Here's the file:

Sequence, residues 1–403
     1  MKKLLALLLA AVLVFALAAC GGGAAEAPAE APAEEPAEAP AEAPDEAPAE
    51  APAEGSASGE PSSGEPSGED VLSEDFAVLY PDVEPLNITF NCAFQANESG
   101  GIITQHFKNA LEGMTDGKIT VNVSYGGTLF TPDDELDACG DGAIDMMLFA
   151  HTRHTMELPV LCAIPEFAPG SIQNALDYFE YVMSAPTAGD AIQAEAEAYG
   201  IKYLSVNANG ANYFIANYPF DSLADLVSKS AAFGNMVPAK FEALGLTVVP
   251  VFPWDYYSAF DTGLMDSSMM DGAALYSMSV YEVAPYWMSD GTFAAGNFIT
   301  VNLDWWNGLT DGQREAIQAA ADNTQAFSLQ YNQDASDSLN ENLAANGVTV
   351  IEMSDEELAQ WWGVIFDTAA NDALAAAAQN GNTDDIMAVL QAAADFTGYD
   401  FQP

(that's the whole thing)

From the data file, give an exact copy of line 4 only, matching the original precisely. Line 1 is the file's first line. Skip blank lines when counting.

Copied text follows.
   101  GIITQHFKNA LEGMTDGKIT VNVSYGGTLF TPDDELDACG DGAIDMMLFA